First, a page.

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|Paynesville Press - Oct. 29, 2003|
City continues to debate assessments for street projects
City officials are still looking for a fair way to assess for upcoming street improvement projects. |
Spurred by assessment rates that could be as high as $65 per foot for the city's proposed street improvement project in 2004, city officials are looking at the way they assess for streets.
The city's policy for paying for street improvements is to assess residents that benefit from the project for 50 percent of the cost of street and storm sewer improvements. Residents also pay assessments for water and sewer service to their homes or businesses.
For years, street and storm sewer assessments have been figured on a per-foot basis determined by the amount of frontage property touching the street project. (Half of the frontage is counted for side lots.)
With plans to eventually redo all the streets in Paynesville, this assessment policy was intended to have all residents and businesses help pay for the streets in town by assessing for the individual streets.
But the city ran into problems in figuring assessments for its project on Lake Avenue this summer. Since the state, not the city, paid for street improvements, the city could not assess for these costs. The law prohibited the city from assessing for costs it did not actual bear, so the city could not assess for street costs (though it did assess a small amount - $5 per foot - for stormwater improvements).
Now, in planning for improvements for 2004, the city has run into more problems in figuring assessments. Because of the way the city's ongoing street improvement program was organized, said city engineer Pete Carlson, residents on streets earmarked for improvement in 2004 - including Belmont Street, Hudson Street, Railroad Street, and Belmont Drive - could face assessments that are higher than for previous projects because of the amount of side footage bordering the project areas.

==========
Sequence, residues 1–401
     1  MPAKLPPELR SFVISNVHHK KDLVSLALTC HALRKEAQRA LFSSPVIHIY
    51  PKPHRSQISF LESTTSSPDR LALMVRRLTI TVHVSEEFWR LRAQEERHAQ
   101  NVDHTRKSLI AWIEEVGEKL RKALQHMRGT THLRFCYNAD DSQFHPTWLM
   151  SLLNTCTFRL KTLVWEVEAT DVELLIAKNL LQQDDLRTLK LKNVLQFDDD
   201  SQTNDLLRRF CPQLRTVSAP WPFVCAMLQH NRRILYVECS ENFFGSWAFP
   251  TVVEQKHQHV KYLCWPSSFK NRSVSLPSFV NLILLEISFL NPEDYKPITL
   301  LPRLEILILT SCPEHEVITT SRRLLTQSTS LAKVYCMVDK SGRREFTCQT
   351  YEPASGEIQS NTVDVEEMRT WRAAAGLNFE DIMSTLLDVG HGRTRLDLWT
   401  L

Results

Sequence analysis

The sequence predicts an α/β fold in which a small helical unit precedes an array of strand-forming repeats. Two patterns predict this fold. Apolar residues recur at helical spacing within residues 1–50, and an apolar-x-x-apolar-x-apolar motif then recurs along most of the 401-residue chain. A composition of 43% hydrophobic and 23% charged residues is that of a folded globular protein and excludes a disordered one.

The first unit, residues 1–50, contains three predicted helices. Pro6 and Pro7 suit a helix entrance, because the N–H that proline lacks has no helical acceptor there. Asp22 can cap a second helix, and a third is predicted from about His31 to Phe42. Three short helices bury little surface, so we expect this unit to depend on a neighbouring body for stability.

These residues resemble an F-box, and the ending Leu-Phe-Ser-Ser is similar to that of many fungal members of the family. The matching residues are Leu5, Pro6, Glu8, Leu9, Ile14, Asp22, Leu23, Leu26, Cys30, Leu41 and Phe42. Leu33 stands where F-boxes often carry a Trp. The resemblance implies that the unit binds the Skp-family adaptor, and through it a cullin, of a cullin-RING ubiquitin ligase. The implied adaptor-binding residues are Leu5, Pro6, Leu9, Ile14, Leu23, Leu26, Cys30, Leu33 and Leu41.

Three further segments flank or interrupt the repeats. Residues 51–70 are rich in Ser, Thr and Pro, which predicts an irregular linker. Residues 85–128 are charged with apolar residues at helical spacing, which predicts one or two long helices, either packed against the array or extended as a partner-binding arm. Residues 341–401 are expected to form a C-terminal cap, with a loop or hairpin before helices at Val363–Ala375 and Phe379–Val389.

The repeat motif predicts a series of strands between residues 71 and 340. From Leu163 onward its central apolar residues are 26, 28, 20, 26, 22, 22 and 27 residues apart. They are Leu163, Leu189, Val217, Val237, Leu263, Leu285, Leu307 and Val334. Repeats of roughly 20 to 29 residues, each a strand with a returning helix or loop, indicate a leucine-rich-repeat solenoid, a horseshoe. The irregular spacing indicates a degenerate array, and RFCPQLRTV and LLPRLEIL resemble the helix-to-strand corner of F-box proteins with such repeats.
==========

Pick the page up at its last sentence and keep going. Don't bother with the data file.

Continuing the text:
Estimated assessments for the 2004 project are $65 per foot. That compares with $37 per foot in 1995; $45 per foot in 1996; $35 per foot in 1998; and $37 per foot in 2000.
Carlson blamed the difference on poor organization, pointing out that the assessment rates for the 2006 project could be significantly lower than 2004 because of the low number of side lots. Last week at the city council meeting, he proposed reorganizing the 2006 and 2008 projects to make the assessment rates fairer.
Carlson also suggested that the assessment roles for the street improvement project in 2004 could be refigured using actual footage for side lots instead of just half to make the assessment rates for that project more palatable. This would mean that owners of side lots would pay higher rates or that they would use this to figure the rate but then assess side-lot owners on only half their frontage.
Assessments should not be higher than the increase in property values after an improvement is done, according to city attorney Bill Spooner, noting criteria established by the courts.
The city is also not allowed to assess an estimated cost or average cost, which was one idea that city officials raised in trying to determine a fair assessment rate for 2004. The assessment rate must be based on the actual project cost, said Spooner.
That means the city will have to consider other options for making the assessment rates fair in 2004.
Last week, the city also approved an engineering report for paving the service road that connects the city's BMX park with Highway 55. This project, too, is difficult to assess fairly because the half dozen businesses all get equal access to Highway 55 from this service road, but they all have different frontages on the road.
Also, this road only has businesses on one side. If the city follows its current assessment policy, assessment rates could be $69 per foot for the seven lots on the service road. One business owner on the street could face $39,000 in assessments if the service road includes curb and gutter.
Meanwhile, two other lots -╩which get the same accesss to Highway 55 - would face much lower assessements because they have only 55 and 51 feet of frontage. This discrepancy troubles city officials. Carlson made several suggestions last week as to how to make the assessment amounts for this service road project more fair.
One method Carlson suggested was to divide the cost of the project equally between the seven lots. Another was to assess property owners only for the side of the street where the business are located while the city absorbs the costs on the opposite side of the street.
A public hearing for the improvements to this service road, which would be done in 2004, is scheduled for Wednesday, Nov. 26, at 6:30 p.m. at city hall.
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